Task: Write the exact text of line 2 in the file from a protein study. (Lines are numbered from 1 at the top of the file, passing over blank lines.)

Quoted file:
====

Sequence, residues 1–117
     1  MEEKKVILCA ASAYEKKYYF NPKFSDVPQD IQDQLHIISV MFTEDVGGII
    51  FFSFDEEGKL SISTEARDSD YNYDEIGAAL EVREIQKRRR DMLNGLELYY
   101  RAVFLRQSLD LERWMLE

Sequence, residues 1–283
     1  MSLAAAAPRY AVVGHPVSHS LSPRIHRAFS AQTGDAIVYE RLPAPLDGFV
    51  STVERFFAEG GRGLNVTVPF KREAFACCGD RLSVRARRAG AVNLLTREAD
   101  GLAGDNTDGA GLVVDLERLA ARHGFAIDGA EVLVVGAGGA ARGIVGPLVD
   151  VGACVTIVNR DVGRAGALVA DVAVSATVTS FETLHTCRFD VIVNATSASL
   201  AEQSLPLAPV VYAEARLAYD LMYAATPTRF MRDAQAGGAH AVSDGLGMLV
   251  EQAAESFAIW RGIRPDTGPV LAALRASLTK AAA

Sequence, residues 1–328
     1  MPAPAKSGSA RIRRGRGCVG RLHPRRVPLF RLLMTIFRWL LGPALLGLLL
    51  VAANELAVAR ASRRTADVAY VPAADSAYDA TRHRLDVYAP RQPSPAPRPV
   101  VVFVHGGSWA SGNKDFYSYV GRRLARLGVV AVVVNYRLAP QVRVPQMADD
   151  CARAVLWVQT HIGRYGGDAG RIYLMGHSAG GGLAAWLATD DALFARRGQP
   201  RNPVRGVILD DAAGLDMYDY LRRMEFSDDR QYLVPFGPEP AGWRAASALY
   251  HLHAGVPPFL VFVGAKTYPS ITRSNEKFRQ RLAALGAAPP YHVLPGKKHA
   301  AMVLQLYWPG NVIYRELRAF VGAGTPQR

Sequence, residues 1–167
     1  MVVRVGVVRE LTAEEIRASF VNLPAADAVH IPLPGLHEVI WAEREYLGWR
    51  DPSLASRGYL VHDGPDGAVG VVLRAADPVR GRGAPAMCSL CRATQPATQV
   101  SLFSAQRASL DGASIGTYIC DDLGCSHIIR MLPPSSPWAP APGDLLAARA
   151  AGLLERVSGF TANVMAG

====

     1  MEEKKVILCA ASAYEKKYYF NPKFSDVPQD IQDQLHIISV MFTEDVGGII